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Instead Of Arresting Star Wars Spinoffs, Here’s How Lucasfilm Should Bounce Back After ‘Solo’


Spoilers included.

According to a report in Collider, Lucasfilm has decided to put all future Star Wars spinoff movies on hold, instead concentrating on the upcoming saga films, starting first with next year’s Episode IX. This is no doubt a response to the underwhelming response to last month’s “Solo,” the first Disney-led Star Wars film to underperform at the box office.

The movie, which I found fun if predictable, is not going to make the billion-dollar club with “The Force Awakens,” “The Last Jedi,” and “Rogue One.” In fact, because of its troubled production and sky-high price tag, the film could be the first to lose money for the studio.

Collider reports that the rumored Obi-Wan Kenobi spinoff—which was supposed to be helmed by Stephen Daldry and star Ewen McGregor, and was apparently already in active pre-production—has been put on ice. James Mangold of “Logan” fame was also rumored to be developing a spinoff movie of everyone’s favorite Star Wars bounty hunter, Boba Fett. It appears that is also on hold now. Can you imagine how great Mangold’s take on Fett post-Sarlacc escape could have been?

This also means we’re unlikely to see any follow-up movies to “Solo” anytime soon. The ending of the film set up our favorite scoundrel and his Wookiee friend for a serialized adventure series, but now the other two films the stars are signed to aren’t likely to be seen soon. That is sad, because the reveal of Darth Maul as the head of the Crimson Dawn crime syndicate at the end of the movie was a great set up for future action.

This Is Precisely the Wrong Response

Pulling everything that’s not a familiar saga story is exactly the wrong response to these box-office numbers. First of all, Lucasfilm has to recognize that they put “Solo” out in theaters just a few short months after “The Last Jedi,” not a year or more like usual. Star Wars isn’t like the Marvel Cinematic Universe—they can’t come out with a new movie every few months and expect the same group of fans to go back to see it. They need a break. Absence makes the heart grow fonder. Remember that old saying?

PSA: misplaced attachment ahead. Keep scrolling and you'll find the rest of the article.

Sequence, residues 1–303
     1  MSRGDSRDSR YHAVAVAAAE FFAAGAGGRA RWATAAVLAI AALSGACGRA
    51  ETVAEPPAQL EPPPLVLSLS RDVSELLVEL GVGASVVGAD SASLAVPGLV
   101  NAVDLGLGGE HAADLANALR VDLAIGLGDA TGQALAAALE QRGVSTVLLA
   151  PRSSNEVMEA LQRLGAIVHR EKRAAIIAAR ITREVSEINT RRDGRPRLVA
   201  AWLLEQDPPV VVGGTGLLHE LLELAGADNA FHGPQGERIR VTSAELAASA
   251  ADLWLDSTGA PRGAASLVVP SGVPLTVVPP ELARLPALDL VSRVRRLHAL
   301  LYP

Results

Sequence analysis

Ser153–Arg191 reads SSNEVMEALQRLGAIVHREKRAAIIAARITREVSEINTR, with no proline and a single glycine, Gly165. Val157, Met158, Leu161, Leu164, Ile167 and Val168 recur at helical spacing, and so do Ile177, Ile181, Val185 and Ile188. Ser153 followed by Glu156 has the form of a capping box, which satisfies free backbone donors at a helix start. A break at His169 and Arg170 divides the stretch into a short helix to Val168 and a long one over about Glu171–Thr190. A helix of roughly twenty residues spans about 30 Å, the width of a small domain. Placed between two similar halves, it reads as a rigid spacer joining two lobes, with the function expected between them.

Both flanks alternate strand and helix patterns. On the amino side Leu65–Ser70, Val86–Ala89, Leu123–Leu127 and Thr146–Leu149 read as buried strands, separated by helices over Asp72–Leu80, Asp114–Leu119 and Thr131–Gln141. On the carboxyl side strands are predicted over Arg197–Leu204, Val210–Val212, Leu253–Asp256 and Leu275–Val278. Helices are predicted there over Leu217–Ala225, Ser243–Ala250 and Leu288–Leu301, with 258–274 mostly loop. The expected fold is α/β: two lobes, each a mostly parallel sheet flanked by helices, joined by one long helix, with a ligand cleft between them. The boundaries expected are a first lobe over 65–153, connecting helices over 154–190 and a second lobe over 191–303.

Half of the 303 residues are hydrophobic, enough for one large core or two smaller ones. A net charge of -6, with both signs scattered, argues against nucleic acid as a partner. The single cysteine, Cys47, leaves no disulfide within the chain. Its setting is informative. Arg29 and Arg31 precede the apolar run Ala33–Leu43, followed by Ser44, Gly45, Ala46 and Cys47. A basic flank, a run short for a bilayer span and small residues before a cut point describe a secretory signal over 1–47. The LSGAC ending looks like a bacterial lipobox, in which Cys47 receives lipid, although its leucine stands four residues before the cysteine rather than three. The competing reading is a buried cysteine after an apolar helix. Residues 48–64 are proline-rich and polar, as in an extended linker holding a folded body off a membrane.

Second, “The Last Jedi” was a particularly divisive Star Wars movie. No matter how good the film that followed it, there was a good chance it would underperform because fans got burned by “The Last Jedi” and just wanted a break. Unfortunately, that fell squarely on the shoulders of “Solo,” a movie already burdened with a troubled production history, crazy-high budget, and a marketing blitz that had to wait until the very last minute because of the tight reshoot schedule.

Instead, Lucasfilm should turn over the keys to their directors and let them take more. If they want the “Star Wars Stories” to succeed, then they should embrace the galaxy of possibilities that lie before them.

Star Wars is full of so many nooks and crannies that are great for telling all sorts of stories that we haven’t seen on the big screen. The TV shows have been able to take some more risks, and it’s paid off big time, with some of the best characters and story arcs in the series.

It’s time to take that mindset from TV to the movies. Don’t handcuff the creative development by relying only on the big saga films. Embrace the oddity of Star Wars, and reach out to its creative community of authors, animators, and artists. Embrace new and exciting storytellers.

Maybe a Shift in Creative Leadership Is In Order

Most importantly, it might also be time for a change in creative leadership at Lucasfilm. No one can argue that Kathleen Kennedy can get movies made. She’s a great producer. Yet perhaps it’s time for someone to serve as a creative head of Star Wars, to help shape the broad storylines.

Yes, there is the Lucasfilm Story Group, which is charged with making sure the 40-plus years of Star Wars canon stays within bounds, that video game storylines match up with a movie they may tie into, etc. But there doesn’t seem to be someone as the head “ideas guy,” the one who actually ties all these stories together.